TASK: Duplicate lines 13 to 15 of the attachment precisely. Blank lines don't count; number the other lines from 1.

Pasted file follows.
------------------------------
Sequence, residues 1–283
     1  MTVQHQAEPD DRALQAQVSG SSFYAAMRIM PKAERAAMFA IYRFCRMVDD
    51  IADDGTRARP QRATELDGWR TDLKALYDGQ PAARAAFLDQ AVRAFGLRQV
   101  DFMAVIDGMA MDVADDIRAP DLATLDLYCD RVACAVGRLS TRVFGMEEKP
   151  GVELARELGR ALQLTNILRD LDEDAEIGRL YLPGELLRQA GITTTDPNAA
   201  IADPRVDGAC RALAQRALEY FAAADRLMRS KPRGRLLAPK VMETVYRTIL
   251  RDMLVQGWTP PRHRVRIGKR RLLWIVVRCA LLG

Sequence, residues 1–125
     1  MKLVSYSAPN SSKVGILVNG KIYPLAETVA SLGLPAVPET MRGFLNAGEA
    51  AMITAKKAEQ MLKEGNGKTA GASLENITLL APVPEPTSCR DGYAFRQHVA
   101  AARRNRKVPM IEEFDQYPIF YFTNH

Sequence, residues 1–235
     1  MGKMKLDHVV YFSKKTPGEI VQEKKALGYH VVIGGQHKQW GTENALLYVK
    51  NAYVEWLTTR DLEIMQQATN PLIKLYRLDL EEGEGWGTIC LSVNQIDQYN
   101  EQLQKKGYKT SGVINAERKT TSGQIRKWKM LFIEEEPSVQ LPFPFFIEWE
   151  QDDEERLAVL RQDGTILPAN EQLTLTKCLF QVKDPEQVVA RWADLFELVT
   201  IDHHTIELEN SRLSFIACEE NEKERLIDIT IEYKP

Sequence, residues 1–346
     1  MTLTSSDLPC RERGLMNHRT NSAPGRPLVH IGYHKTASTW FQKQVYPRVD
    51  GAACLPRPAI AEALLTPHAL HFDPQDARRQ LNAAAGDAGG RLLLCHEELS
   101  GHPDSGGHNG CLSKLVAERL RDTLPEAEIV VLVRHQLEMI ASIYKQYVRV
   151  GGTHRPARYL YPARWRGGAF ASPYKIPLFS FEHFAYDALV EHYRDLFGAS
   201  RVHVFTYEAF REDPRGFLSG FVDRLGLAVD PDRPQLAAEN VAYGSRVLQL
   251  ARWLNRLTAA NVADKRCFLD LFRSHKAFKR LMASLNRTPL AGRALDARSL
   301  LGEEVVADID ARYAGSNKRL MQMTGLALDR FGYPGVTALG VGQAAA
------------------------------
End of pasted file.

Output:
     1  MGKMKLDHVV YFSKKTPGEI VQEKKALGYH VVIGGQHKQW GTENALLYVK
    51  NAYVEWLTTR DLEIMQQATN PLIKLYRLDL EEGEGWGTIC LSVNQIDQYN
   101  EQLQKKGYKT SGVINAERKT TSGQIRKWKM LFIEEEPSVQ LPFPFFIEWE